An access control system that was developed at MIT in the 1980s. Turned over to the IETF for standardization in 2003, it was designed to operate in both small companies and large enterprises with multiple domains and authentication servers. The Kerberos concept uses a "master ticket" obtained at logon, which is used to obtain additional "service tickets" when a particular resource is required.
Kerberos Checks Passwords Once
When users log in to a Kerberos system, their password is encrypted and sent to the authentication service in the Key Distribution Center (KDC). If successfully authenticated, the KDC creates a master ticket that is sent back to the user's machine. Each time the user wants access to a service, the master ticket is presented to the KDC in order to obtain a service ticket for that service. The master-service ticket method keeps the password more secure by sending it only once at logon. From then on, service tickets are used, which function like session keys.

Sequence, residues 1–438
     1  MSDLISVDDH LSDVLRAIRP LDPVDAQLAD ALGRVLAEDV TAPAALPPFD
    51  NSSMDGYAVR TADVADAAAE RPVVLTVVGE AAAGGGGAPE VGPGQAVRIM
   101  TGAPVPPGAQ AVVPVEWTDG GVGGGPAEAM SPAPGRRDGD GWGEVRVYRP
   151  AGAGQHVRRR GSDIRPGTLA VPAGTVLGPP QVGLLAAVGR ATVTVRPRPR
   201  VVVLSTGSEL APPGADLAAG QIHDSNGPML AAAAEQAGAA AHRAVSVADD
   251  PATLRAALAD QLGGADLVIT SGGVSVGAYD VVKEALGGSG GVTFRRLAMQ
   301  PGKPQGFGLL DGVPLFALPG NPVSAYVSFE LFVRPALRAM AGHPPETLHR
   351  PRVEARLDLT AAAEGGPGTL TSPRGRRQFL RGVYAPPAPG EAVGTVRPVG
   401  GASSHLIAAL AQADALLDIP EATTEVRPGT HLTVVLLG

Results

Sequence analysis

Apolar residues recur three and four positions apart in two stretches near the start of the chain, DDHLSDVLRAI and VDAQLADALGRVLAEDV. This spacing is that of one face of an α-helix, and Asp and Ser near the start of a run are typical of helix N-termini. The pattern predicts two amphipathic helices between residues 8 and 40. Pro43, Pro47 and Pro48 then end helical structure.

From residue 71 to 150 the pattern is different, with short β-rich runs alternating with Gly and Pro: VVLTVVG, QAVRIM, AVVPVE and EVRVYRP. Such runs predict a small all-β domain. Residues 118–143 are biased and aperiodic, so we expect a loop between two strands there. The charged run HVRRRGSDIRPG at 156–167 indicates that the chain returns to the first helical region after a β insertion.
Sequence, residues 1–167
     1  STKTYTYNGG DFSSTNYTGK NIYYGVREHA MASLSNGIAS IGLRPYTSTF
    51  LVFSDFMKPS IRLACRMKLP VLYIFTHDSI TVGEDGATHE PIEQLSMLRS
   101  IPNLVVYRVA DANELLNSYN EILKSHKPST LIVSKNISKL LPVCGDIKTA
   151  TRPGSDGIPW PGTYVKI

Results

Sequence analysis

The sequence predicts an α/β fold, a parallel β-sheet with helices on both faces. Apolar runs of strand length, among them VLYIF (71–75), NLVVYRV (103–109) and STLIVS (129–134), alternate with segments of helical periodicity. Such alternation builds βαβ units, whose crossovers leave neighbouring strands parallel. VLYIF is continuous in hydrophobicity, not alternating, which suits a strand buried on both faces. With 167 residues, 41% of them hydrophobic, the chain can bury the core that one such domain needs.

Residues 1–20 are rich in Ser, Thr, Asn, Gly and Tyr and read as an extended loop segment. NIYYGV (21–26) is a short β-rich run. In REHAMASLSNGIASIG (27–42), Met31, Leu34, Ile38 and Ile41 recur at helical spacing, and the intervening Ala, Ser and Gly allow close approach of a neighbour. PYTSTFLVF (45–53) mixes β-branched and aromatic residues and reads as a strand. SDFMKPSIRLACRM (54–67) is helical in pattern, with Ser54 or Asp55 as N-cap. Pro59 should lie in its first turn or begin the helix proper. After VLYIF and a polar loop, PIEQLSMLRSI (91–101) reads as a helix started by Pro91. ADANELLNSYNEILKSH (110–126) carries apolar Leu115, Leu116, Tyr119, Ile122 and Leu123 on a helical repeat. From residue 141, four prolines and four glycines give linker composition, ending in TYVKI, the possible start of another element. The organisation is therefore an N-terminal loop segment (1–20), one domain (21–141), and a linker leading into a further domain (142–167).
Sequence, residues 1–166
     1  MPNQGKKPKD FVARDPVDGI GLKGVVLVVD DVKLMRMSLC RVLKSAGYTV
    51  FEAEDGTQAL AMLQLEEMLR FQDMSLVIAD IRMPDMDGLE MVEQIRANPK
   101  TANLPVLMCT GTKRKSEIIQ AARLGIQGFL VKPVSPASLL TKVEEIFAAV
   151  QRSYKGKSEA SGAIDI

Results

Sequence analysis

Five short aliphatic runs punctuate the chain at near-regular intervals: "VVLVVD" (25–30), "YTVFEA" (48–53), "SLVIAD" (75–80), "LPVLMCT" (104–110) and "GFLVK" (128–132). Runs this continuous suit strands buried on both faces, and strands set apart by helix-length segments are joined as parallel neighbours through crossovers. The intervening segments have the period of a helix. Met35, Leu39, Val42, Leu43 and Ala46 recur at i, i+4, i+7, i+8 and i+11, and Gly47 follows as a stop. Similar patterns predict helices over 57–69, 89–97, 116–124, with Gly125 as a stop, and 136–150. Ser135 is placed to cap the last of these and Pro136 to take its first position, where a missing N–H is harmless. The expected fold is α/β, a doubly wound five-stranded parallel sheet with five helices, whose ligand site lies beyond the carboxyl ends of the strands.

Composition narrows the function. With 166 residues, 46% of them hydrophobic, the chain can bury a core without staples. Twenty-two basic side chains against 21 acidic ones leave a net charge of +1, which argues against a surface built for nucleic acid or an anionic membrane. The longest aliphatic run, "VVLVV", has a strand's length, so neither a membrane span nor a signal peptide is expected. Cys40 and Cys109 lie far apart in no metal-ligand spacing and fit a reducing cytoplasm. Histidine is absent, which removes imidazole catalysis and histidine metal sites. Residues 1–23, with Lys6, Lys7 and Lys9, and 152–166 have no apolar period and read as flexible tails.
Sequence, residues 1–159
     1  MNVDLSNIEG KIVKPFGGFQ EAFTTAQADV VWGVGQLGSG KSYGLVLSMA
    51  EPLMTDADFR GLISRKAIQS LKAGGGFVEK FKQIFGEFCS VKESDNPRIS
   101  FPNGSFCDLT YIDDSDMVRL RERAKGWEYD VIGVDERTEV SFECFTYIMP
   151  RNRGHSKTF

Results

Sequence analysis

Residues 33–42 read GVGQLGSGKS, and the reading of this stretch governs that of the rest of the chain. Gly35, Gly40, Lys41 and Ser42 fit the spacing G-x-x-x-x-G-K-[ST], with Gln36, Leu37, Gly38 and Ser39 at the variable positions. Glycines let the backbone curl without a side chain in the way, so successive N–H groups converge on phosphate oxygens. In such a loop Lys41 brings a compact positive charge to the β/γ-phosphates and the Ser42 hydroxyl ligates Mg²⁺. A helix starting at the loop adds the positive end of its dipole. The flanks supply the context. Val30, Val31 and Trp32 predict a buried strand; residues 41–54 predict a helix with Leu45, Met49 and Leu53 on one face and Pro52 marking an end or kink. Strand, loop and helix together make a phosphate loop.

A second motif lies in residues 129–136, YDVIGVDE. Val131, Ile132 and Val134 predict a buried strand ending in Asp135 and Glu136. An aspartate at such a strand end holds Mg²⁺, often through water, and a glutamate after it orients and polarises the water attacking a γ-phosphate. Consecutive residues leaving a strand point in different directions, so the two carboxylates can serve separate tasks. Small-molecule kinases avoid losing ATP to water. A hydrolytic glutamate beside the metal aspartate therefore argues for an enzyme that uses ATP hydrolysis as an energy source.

From the Greeks
The name comes from Greek mythology in which a three-headed dog guards the gates to Hades (Hades is the home of the dead beneath the earth, otherwise known as hell).
It's About Tickets
After users are authenticated, they are granted a master ticket that is used to obtain service tickets. Service tickets act like session keys in other security systems.